IS IT TIME TO STOCK TROUT AGAIN?
By Montana Grant

Posted: January 1, 2021

Amongst the ranks of fly fishermen and trout purists, “stocking” is a Fighting Word! Montana no longer stocks most of its premier Blue Ribbon Trout waters. All non-native “Wild Trout” are the result of stocking. The state’s main trout goal is to protect and preserve “Native Trout” populations. Most trout that come from hatcheries are released into lakes and areas where they are isolated. Kid ponds are a common destination for stocked trout.

Stocked trout can include Browns, Rainbows, Cutthroats, Brooks, Lakers, Goldens, and other variations of salmonoids. Mostly rainbows, Cutties, and Browns are in Montana’s stocking trucks. 

Most Trout Purists want to fish for “Native” fish in an uncrowded, pristine watersheds. Fly Fishing with barbless hooks and no kill rules are their preference. Montana’s Native trout are Cutthroats. Grayling and Whitefish. Entire, healthy watersheds of “Wild Trout” are being Rotenoned, poisoned, to restore “Native Trout” species due to pressure from Trout Unlimited and fly fishing groups.

Wild Trout are self-reproducing survivors from stocked fish. These include Browns, which are from Europe, Rainbows, which are from the Pacific Northwest, Brooks, that are from the east. All of these “Wild “trout are the result of generous stocking. Trout that were from great genetics adapted, adjusted, and survived to create “Wild Trout” populations. In some cases, Native Trout were displaced. Their weaker Genetics made them vulnerable to competition from stronger stocks of nonnative trout.

Original waters, where stocked fish have caught on, have a narrow Genetic footprint. In a hatchery, thousands of fish can come from identical Genetics. One female, spawned by one male can produce well over 1,000 fingerlings, that ended up stocked in one fishery. Genetic Diversity with these stocked fish is already too small. 

Currently, Montana Brown trout are in trouble. Rainbows have become impacted by Whirling’s disease and gill lice diseases. Brown Trout are also not reproducing as they once were. Historically healthy watersheds are losing trout populations. Several fish kills have surfaced in the past decade. Montana continues to NOT STOCK these areas. Wild Fish, from small Gene pools, have poor health and are in trouble. No new Genetics has been introduced in decades.

The problem is that these watersheds are changing. Waters are becoming warmer, lower, and overfished. There has also been no new stocked Genetics introduced into these watersheds. Fishing has changed dramatically from a few decades ago. Some of our cold-water release Dam fisheries are extremely challenged due to lack of water and cold water, all while being overly pounded by fishermen.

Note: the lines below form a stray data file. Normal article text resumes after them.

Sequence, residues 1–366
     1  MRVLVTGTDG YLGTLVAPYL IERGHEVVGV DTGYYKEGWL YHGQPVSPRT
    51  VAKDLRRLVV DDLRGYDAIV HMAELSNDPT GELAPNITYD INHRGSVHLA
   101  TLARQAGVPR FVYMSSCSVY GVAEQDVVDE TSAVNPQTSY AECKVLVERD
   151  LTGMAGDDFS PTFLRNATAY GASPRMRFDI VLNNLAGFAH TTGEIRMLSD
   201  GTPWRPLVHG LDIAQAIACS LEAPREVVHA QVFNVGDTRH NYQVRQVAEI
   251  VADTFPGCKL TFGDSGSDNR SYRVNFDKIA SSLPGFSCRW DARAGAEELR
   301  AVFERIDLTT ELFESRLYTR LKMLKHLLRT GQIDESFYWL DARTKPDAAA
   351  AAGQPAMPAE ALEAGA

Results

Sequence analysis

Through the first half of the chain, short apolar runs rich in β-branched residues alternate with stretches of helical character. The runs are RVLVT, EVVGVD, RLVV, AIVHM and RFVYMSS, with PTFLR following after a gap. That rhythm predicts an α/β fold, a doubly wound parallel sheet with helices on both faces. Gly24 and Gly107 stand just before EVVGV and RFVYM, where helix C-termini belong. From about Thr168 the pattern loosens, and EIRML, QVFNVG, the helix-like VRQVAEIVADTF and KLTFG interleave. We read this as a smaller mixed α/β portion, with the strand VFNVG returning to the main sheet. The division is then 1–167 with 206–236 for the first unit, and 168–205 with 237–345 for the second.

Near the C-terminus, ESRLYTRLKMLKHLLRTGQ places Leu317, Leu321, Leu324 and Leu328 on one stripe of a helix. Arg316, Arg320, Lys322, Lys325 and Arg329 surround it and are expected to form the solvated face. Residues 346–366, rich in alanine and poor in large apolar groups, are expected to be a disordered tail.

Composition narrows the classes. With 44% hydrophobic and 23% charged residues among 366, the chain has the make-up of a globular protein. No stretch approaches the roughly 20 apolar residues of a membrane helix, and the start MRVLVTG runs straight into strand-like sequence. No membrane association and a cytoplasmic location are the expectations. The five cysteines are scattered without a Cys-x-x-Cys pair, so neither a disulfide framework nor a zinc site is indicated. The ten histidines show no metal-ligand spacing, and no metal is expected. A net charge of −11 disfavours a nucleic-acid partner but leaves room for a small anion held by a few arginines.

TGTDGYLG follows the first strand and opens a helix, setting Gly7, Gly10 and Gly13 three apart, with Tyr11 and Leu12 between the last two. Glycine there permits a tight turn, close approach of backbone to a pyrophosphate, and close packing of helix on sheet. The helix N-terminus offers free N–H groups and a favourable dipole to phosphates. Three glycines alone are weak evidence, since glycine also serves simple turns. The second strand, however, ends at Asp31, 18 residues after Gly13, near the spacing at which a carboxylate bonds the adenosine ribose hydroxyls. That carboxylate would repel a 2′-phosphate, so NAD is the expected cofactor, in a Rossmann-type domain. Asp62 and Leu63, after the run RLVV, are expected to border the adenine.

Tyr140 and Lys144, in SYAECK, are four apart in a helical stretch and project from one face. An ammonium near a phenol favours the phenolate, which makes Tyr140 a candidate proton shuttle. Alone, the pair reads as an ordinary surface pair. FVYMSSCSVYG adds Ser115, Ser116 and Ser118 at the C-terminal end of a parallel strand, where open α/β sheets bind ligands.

Genetic Erosion could be one overlooked problem. We can’t just sit back, and hope things will get better. Genetic Diversity may be needed.

Today’s Fishery Biology can identify, select, examine, and produce quality fish Genetics for specific waters. Bad genes can be removed, and good genetics implanted. These disease resistant, adaptable, healthy species could become the next generation of Wild Fish. The Science is there to support this opportunity.

Recently, the Madison River lost most of the next generation of Brown trout eggs, due to a Dam problem, that left most Spawning Redds high, and dry. The area between Quake Lake and Hegben Dam were most damaged. It will take several years for the fishery to restore itself if it can.

What if we encouraged the State to stock a Brown trout species that has fresh, healthy, disease resistant genetics to meet the watersheds limitations, diseases, and needs? Fertilized eggs could be the ideal way to begin. Now that the water levels have been restored, place the new genetics in artificial redds and see what happens. Trout born in these redds would be first generation Wild Fish. The results of this experiment could benefit the Bighole, Madison, Yellowstone, and other challenged fisheries where Wild brown trout are dying off in record numbers.

There are Rainbow trout species that are resistant to Whirling Disease. Pony, MT. has one of these populations. Other trout are resistant to warmer waters and other diseases.

The stocking history of the Madison River is broad. Over 17 species of Rainbow trout have been stocked into this watershed. Some rainbows can reproduce almost any month of the year. Several species of Browns have also been stocked. Golden trout, grayling, cutties, and Brook trout have all been stocked in these waters. Their offspring are the Wild Trout of today. Other less strong stocked species died off and are out of the ecosystem. Native fish populations are minimal.

If we want to maintain and protect our “Wild Trout” populations, we need to consider adding newer and better genetics to their stock. Trout fishermen can argue and fight about stocking but…

Genetic health of fish is based upon Genetic Diversity.

Montana Grant